Your insurance cares about you--Act 2
Deb answered then held the phone out to me. For you.
Juggling three pumpkins, I took the phone, which then made a strangled squawk to tell me the battery was low.
It’s Lujan from Pres. She a clinical nurse something or ‘nother
“ Hi, William, I’m just calling to follow up on an email we received from Life Masers. Apparently you don’t want to participate in our new diabetes program because you feel that we should be spending the money on providing adequate numbers of test strips instead?”
Yeah, that’s right. I’m sure your records show I’m a type one on multiple insulins. I should be testing ten times a day.
“I couldn’t agree more,” said Lujan.
I dropped the phone.
After setting down the pumpkins, picking the phone up, and plugging in to a charging cord, Lujan and I had a pleasant conversation.
Turns out Pres will allow up to 300 test strips per month for T-1s. Catch is you pay a co-pay for each box. That said, so long as you use their preferred type (AccuChek Aviva) they’ll give ‘em to you at $10 per box; which is really a pretty good deal. Of course, you have to get all 300 at once so you need to cough up thirty clams at the pharmacy. (Being a weeeeeee bit behind on my pharmacy tab I’ve been demoted to pay-as-you-go. OK, so maybe 690 bucks isn’t a weeeeeee bit.)
If I was still able to use my CoZmo pump they’d actually pay for FreeStyle strips. Wish someone had told me that back when I was still using my pump. You need a prior-auth, but it is always approved. Sigh. Why does insurance have to be so complicated?
She was sorry to hear I’d been caught in a plan with poor Durable Medical Equipment (DME) coverage. Apparently there are “thousands” of different Pres plans. Some treat D-folk better than others. “It’s a nightmare,” she tells me. More support for my fundamental belief that good insurance is really only offered to those that will never use it.
I didn’t think to ask her the question every pumper in the world wants an answer to: why the fuck are infusion sets considered durable medical equipment? There it nothing durable about them at all. Ya’ throw ‘em out every three days. Or four. Or five. Depends how poor you are and how much you are willing to risk an infection.
Back to teststrips. Lujan told me that teststrips are the sinlge largest expense for Pres of all medications. She also said they have been giving D-Folk more strips and tracking A1Cs to see if they improve with greater testing. Her official line is that Pres is willing to pay more up-front to save money on complications later; but at the same time the British study indicating that testing may be a waste of time is casting a long shadow. I feel a collective shiver across the diabetes landscape as that cold wind continues to blow down from Brittan.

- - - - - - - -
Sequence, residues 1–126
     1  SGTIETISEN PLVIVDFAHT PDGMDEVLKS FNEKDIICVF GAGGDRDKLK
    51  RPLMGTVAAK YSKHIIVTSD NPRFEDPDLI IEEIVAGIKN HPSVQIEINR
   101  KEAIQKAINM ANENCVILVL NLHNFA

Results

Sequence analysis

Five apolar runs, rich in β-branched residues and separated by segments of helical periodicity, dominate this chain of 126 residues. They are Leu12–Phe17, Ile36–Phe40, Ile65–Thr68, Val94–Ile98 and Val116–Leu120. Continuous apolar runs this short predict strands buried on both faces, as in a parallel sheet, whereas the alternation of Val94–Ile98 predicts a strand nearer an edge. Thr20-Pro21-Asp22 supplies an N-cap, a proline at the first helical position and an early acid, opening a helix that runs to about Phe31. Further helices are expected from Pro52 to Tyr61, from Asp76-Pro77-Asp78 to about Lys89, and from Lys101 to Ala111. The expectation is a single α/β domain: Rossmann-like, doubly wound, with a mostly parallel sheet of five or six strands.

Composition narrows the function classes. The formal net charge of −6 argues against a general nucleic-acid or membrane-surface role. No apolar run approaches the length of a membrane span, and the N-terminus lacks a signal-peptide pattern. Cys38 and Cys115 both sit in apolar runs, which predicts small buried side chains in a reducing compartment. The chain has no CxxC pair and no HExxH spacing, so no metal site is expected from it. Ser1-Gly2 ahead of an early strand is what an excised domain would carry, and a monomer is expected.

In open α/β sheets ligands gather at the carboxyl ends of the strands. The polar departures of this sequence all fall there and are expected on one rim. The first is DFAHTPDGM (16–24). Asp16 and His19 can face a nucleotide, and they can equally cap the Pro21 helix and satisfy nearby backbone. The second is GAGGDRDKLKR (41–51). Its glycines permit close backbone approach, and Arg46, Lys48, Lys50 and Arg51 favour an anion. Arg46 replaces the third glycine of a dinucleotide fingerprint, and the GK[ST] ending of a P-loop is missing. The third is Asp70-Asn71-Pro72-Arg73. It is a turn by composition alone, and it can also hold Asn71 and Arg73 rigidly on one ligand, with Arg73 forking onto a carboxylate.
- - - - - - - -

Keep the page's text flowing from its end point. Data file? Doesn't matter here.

She also tried to get me to switch from Humalog to Novolog; a change of $55 per box to $35 per box of five. Yeah, I used Novolog for years, but it isn’t doing the job anymore. The Humalog is. OK, well, nothing you can do about that.
She also told me that for some seniors caught in the “gap” of their Part-D coverage, many providers are having their Lantus/Levemir users go to Wal-Mart and buy ReliOn NPH out of pocket. This does not require an Rx. Feedback Lujan gets is that the old-school NPH is doing the trick for a lot of folks. Hmmmmmmmmmm….. I’m suspicious of that.
I’ve used NPH in the past. It’s a little… unpredictable. It also has a waaaaaaaaaay shorter duration of action than the two “L”s. Still, something to keep in the Break Glass in case of Emergency box. I snooped around online and found press releases stating that ReliOn brand is made for Wal-Mart by Novo. In fact, all three Novolin insulins (regular, NPH, and a 70/30 mix) are at your friendly neighborhood Wal-Mart for the alleged price of $16.94 per vial. Wal-Mart reminds us that they have ReliOn syringes and glucose tablets too.
I was really impressed with Lujan. Not what you expect from an insurance nurse at all. I wondered if she was one of us.
Can I ask you a personal question?
Long silence, then, “Sure.”
Are you a diabetic?
“No, I’m not, why?”
Well you’re doing such a great job for us, I figured you must be one of us. I’ll tell you what, I’ll make you an honorary diabetic.
Laughing, “I’m honored…. I think. At least I’ll have something to tell my family when I get home tonight.”
Congratulations, you’re now a member of the tribe. We’ll get you your T-shirt and Glucometer later.